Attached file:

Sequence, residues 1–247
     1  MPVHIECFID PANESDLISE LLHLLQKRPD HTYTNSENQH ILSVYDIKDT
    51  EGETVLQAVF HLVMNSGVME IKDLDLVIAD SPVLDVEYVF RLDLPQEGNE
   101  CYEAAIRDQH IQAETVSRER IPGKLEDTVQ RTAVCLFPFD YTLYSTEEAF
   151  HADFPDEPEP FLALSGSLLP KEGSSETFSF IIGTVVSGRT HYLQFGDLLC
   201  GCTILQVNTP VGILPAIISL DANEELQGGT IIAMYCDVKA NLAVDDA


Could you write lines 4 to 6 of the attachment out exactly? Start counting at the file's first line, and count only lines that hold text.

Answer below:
   101  CYEAAIRDQH IQAETVSRER IPGKLEDTVQ RTAVCLFPFD YTLYSTEEAF
   151  HADFPDEPEP FLALSGSLLP KEGSSETFSF IIGTVVSGRT HYLQFGDLLC
   201  GCTILQVNTP VGILPAIISL DANEELQGGT IIAMYCDVKA NLAVDDA